5 Ugly Foods that Taste Amazing

Article posted in: Diet & Nutrition

Appearances matter, especially when we’re talking about food. If a dish or ingredient isn’t visually appealing, you aren’t likely to be tempted to eat it. As you stroll through the produce department of your favorite supermarket, you may see these five items and turn away from their ugly exteriors. But you might want to give them a second look—what they lack in allure, they more than make up for with amazing flavor. Check out these five particularly ugly foods that taste amazing:

Passion Fruit
What is it: The wrinkly skin of this small, egg-shaped tropical fruit is thick and tough, but inside the jelly-like yellow flesh filled with countless edible seeds has a sweet tropical taste that brings to mind pineapple, mango and papaya. The skin of varieties from New Zealand is purplish-brown while the Hawaiian type is yellow. Passion fruit pulp is loaded with vitamins A and health-protecting antioxidants, and the seeds are a rich source of dietary fiber.

Try it: Both the pulp and seeds are edible and ready to eat raw– simply cut the fruit in half and scoop out the flesh. You can enjoy it alone by the spoonful or add it to yogurt, cottage cheese, salad dressings, or oatmeal. To remove the seeds, squeeze the pulp through a sieve or cheesecloth, then add it to smoothies or juices. Passion fruit brings a sweet note to savory sauces for beef and pork dishes.

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Kohlrabi
What is it:
The bulbous roots are close relatives of broccoli and have a similar sweet yet peppery taste. Most people eat only the bottom, though the stems and leaves are edible, too. The skin may be light green, whitish or even purple, but the insides of all varieties are pale white. Kohlrabi is high in fiber and a rich source of vitamin C and potassium, and it comes with just 36 calories per cup.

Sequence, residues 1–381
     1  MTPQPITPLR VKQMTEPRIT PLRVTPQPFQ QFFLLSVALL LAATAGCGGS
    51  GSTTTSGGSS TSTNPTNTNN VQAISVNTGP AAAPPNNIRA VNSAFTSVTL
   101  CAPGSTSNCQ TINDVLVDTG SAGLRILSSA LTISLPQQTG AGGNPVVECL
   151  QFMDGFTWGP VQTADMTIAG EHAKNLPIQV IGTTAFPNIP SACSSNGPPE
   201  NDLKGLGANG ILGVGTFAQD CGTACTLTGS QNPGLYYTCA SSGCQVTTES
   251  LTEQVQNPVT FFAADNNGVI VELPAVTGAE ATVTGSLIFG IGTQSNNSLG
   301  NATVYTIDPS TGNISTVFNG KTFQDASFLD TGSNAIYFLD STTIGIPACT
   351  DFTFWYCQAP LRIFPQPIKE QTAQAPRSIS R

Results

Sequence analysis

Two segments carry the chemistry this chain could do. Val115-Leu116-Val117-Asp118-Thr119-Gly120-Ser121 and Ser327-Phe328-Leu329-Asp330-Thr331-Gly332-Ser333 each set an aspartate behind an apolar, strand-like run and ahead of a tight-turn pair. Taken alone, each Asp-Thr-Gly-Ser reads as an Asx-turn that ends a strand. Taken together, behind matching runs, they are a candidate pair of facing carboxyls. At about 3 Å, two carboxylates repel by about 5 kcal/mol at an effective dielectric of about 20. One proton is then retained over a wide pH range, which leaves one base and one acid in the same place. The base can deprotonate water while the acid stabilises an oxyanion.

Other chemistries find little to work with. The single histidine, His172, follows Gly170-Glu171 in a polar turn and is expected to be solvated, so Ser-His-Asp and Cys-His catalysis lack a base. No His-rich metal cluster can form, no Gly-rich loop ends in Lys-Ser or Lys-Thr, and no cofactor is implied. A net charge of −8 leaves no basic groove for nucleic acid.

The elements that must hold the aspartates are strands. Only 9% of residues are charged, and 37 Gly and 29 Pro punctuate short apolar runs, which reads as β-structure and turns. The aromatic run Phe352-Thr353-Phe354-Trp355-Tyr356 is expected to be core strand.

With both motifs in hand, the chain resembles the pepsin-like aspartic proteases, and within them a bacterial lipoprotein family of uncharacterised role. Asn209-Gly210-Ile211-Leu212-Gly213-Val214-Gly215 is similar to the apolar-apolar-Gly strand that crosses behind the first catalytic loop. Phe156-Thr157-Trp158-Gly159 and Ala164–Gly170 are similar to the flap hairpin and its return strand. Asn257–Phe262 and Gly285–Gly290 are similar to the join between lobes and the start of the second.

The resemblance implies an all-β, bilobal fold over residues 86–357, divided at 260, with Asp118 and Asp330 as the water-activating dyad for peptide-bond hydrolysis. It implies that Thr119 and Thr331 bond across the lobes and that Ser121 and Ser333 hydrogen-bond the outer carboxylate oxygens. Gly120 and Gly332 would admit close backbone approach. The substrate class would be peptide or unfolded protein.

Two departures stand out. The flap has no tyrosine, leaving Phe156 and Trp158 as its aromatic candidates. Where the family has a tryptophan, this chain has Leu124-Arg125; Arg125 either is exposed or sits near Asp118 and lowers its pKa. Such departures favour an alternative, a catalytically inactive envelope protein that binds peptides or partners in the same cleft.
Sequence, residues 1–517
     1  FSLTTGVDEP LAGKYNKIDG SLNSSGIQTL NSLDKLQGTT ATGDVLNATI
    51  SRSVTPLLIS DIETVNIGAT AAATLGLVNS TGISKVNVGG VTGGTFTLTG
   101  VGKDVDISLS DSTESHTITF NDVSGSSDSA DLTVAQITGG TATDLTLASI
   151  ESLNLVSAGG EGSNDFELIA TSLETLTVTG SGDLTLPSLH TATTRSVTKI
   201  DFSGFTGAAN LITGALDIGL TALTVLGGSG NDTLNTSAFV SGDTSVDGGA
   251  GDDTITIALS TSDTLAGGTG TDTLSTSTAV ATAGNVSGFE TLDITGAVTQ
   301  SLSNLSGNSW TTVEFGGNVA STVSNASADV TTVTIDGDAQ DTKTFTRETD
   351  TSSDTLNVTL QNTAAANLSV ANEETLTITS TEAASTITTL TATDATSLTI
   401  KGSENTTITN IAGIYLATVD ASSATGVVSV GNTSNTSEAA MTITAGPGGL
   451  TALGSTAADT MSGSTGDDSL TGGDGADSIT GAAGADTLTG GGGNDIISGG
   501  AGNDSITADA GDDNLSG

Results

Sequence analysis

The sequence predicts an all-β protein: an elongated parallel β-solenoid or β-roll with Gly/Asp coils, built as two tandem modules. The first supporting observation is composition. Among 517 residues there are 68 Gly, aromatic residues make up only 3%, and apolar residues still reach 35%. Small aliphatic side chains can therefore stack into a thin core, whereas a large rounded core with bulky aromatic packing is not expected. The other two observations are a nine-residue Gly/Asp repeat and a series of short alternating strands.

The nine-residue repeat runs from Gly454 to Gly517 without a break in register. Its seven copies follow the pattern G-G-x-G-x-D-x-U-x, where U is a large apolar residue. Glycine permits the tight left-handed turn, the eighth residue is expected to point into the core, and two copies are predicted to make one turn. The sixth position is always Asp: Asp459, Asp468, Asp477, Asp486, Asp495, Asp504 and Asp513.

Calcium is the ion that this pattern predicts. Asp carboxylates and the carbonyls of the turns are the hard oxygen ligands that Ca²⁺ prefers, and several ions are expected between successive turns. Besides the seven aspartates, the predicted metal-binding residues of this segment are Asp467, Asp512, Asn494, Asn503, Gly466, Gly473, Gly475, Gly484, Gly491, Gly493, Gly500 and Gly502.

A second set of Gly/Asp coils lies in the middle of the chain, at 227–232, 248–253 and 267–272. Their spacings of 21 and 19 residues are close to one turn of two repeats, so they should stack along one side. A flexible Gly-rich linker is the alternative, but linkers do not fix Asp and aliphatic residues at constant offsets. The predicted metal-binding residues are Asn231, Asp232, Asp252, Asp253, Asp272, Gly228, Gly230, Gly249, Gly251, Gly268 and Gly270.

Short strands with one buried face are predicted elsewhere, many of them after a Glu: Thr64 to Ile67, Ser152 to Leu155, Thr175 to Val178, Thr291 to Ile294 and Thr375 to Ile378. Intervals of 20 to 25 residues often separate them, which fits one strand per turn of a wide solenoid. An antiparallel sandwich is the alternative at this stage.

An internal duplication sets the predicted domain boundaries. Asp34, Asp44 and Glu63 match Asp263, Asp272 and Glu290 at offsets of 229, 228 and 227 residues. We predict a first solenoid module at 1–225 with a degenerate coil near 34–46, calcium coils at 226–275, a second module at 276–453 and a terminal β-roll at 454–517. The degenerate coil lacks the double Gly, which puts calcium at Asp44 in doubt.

Try it: Raw kohlrabi’s very crisp texture adds crunch to salads and slaws. Sliced into matchsticks, it’s a fresh addition to an ordinary crudite platter. Roasting or grilling slices of kohlrabi tenderizes it and brings out its sweeter side. It’s a flavorful addition to stir-fries and soups, too.

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Buddha’s Hand
What is it: A member of the citrus family, Buddha’s Hand looks like a distorted lemon with long fingers. The fruit, also known as Fingered Citron, has no pulp or even juice, but it has a delightfully fresh scent.

Try it: The fragrant zest of Buddha’s Hand punches up the taste of any recipe that calls for citrus fruit. Add a bit to your favorite vinaigrette dressing to give it a sweet-tart flavor. Toss root vegetables with the zest before roasting them to complement their earthy taste. Buddha’s Hand zest also brightens the taste of mild-flavored fish.

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Cherimoya
What is it: Sometimes called “custard apple,” cherimoya (pronounced chair-ah-MOY-yah) has leathery, dark-green to brown skin ridged with what looks like scales. Inside it has creamy, fragrant pulp embedded with shiny black seeds. The skin and seeds are inedible, but the flesh tastes to many like other tropical fruits such as banana, coconut, mango, pineapple, and papaya. Cherimoya is low in calories (about 75 in an average-sized fruit) and high in vitamin C, potassium, and fiber.

Try it: This fruit is most commonly enjoyed raw, simply cut in half and the flesh scooped out by the spoonful (eat around the seeds or spit them out like with watermelon). You can give fruit salad a tropical flavor by adding cubes of fresh cherimoya. When pureed, the flesh becomes exceptionally creamy, which makes it useful as a naturally sweet pie filling or in a mousse-like dessert.

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Truffles
What is it: Fungus is anything but attractive. Yet lumpy, rough-skinned truffles–underground cousins of mushrooms–are delicacies prized by chefs for their rich, earthy flavor and pungent aroma. Truffles are not easily cultivated so most are imported from France, Italy, or Spain, where they are collected in old forests. The 20 different varieties include some that are black and some that are white. Truffles can cost $40 or more for an ounce and their taste and scent are potent, so they are used very sparingly. Truffle oil (flavored by the fungi) is a less costly way to add their gourmet flavor to your recipes.

Try it: Shave truffles into omelets, or add thin slices to pasta or risotto. Preserve the taste by adding the truffles only at the end of cooking. Splash a bit of truffle oil on roasted potatoes or vegetables, or drizzle a little on homemade pizza to make it extra-satisfying.